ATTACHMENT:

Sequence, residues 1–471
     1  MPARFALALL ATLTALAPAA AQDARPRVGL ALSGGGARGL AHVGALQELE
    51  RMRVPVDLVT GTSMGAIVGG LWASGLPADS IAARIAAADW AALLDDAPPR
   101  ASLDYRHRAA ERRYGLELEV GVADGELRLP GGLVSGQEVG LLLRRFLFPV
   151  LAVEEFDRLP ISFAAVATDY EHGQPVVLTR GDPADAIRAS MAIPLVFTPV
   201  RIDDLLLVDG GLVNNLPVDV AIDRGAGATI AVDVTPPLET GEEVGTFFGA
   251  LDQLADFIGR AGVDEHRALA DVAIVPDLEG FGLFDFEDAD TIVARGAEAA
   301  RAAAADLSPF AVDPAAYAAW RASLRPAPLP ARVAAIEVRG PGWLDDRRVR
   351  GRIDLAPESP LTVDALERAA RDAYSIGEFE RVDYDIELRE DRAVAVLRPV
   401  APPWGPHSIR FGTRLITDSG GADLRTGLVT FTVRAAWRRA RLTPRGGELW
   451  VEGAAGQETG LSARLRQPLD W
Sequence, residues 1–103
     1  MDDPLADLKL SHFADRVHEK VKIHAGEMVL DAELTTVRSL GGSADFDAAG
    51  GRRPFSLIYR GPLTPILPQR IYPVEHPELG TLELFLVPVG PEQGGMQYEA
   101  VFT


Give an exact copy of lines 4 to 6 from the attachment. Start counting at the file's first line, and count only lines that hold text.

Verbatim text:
   101  ASLDYRHRAA ERRYGLELEV GVADGELRLP GGLVSGQEVG LLLRRFLFPV
   151  LAVEEFDRLP ISFAAVATDY EHGQPVVLTR GDPADAIRAS MAIPLVFTPV
   201  RIDDLLLVDG GLVNNLPVDV AIDRGAGATI AVDVTPPLET GEEVGTFFGA